SINGAPORE: A number of projects were stalled in India, mostly in private sector, last year due to lack of promoters’ interest and unfavourable market conditions, Singapore-based DBS bank said today.
Net exports remain a drag as weakness in exports outweighs the benefits from a narrower oil imports bill.
Stalling of projects has been a major contributor to this decline, with its stock rising to INR 11.4 trillion by March 2016 from INR 8.6 trillion in 2013, the bank highlighted.
Of the projects being implemented, about 12 per cent face renewed hurdles according to Centre for Monitoring Indian Economy (CMIE) data, said the bank in a report on the Indian economy.
Worryingly, more projects have stalled in the private sector compared to the government sector.
Sector-wise, projects are not only stalling in the resource-based industries but also in the manufacturing and services sectors.
Contrary to popular narrative, land acquisition and lack of clearances are no longer the key reasons behind the stalled projects.
These two factors accounted for about a tenth of the stalled projects last year, down from 27 per cent in Financial Year 11-12.
A bigger hindrance instead has been lack of promoters’ interest and unfavourable market conditions.
This has its roots in the uncertain investment climate, slowing external growth and insufficient demand revival to spur capex (Capital expenditure) spending.
An increase in new investment commitments, however, provided a faint silver lining.
Fresh interests by the private sector rose by a faster 10 per cent year-on-year in the first quarter of 2016 from sub-8 per cent in fourth quarter of 2015, while the public-led sector was steady at 15 per cent.
Yet, scepticism remains.
These projects only reflect intent to invest, and require clearances to be realised as actual investments, said the bank.
Corporate debt rose to a peak at 60 per cent of GDP last year from below 50 per cent before the global financial crisis.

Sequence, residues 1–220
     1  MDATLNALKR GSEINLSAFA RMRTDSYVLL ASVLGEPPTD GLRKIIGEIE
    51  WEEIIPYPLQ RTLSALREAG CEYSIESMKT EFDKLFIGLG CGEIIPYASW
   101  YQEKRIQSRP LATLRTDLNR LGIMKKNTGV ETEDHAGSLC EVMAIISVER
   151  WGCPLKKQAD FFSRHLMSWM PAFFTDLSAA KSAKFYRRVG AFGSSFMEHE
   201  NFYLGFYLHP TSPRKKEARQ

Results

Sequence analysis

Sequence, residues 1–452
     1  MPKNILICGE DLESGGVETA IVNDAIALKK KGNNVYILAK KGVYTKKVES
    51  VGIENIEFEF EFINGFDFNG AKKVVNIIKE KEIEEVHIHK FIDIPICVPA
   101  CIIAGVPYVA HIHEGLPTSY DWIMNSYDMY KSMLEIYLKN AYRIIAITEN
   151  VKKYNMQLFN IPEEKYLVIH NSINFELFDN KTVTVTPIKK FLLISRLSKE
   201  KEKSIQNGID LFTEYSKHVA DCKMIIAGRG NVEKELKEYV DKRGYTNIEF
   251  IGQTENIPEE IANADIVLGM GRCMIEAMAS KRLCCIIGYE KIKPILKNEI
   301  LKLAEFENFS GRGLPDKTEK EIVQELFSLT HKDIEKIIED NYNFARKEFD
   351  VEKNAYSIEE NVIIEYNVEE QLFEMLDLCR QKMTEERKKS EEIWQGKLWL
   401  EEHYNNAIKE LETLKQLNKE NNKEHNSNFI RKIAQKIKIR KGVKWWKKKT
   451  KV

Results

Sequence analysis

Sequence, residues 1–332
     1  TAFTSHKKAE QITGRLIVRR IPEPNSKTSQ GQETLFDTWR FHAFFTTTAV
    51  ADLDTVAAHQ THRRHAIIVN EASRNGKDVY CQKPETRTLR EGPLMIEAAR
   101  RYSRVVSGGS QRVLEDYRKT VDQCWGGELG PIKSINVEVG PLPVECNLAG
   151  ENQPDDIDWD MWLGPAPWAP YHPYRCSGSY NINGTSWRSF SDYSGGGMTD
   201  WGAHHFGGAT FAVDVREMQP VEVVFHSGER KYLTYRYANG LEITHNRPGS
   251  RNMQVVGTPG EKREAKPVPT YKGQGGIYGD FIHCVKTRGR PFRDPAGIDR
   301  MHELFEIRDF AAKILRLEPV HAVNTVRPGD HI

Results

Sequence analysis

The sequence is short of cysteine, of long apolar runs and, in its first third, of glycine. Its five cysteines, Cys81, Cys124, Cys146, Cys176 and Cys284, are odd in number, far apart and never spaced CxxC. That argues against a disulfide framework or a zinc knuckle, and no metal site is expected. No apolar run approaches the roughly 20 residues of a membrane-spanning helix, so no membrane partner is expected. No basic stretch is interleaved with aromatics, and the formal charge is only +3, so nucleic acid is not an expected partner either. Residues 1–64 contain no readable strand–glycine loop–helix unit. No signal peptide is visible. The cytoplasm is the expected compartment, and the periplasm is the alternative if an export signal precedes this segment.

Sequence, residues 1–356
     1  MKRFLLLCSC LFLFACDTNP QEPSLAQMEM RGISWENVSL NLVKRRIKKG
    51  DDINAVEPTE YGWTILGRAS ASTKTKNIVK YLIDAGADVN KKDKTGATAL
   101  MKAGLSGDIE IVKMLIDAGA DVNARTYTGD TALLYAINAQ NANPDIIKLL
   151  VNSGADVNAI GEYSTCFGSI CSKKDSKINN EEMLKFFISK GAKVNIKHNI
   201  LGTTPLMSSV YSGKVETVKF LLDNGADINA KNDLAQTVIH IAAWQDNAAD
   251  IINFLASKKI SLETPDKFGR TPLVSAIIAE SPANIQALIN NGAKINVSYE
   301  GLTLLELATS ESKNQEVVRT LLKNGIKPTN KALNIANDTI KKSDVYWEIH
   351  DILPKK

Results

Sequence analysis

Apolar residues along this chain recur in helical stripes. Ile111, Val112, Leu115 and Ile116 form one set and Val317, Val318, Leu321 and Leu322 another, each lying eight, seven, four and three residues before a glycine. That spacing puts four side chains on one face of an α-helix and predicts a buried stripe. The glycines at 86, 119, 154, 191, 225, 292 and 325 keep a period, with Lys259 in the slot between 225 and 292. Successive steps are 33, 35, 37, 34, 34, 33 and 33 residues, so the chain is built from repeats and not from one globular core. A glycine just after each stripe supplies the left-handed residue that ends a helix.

Expectations of an improving economic backdrop and demand pick-up drove the build-up in debt levels, according to the bank.
However, slow progress on investment projects, high financing costs and difficult market conditions hurt earnings and profitability.
Capacity utilisation rate has been easing, while the total inventory to sales ratio continues to inch up.
The corporate sector’s underperformance has stressed the banking sector.
Including restructured and non-performing loans, banks’ overall stressed advances jumped to over 11 per cent of total advances by September 2015.
Infrastructure, mining, iron/steel and two others make up more than half of the bad loans faced by the domestic banks.
More pain is in store as the RBI expects stressed assets to be fully provisioned by March 2017, said the bank.
The bank said India’s real Gross Domestic Product (GDP) growth is likely to average 7.6 per cent year-on-year this year from an estimated 7.4 per cent in Financial year 2015-16.
Downside risks stem from a steeper correction in investment growth and sluggishness in consumption spending if inflation worries return.
Last year’s net foreign direct investments (FDI) into India were not geared towards boosting the domestic capex cycle or manufacturing activities, it observed.
The record FDI of USD 37 billion in 2015 rose 60 per cent year-on year with gross inflows up by a third from the year before, it noted.
Services attracted the most inflows in 2015, making up nearly half of the total stock.
By contrast, the manufacturing sector’s share has slowed to a fifth and that of infrastructure to near five per cent of the total flows.
This contrasted with 2014 when services and manufacturing sectors each accounted for roughly a third of the flows.
Even as FDI flows strengthened last year, it is unlikely to provide an immediate boost to industrial and investment activities, according to the bank.
This backdrop suggests the Indian economy will face another year of uneven growth.
Credits ET Realty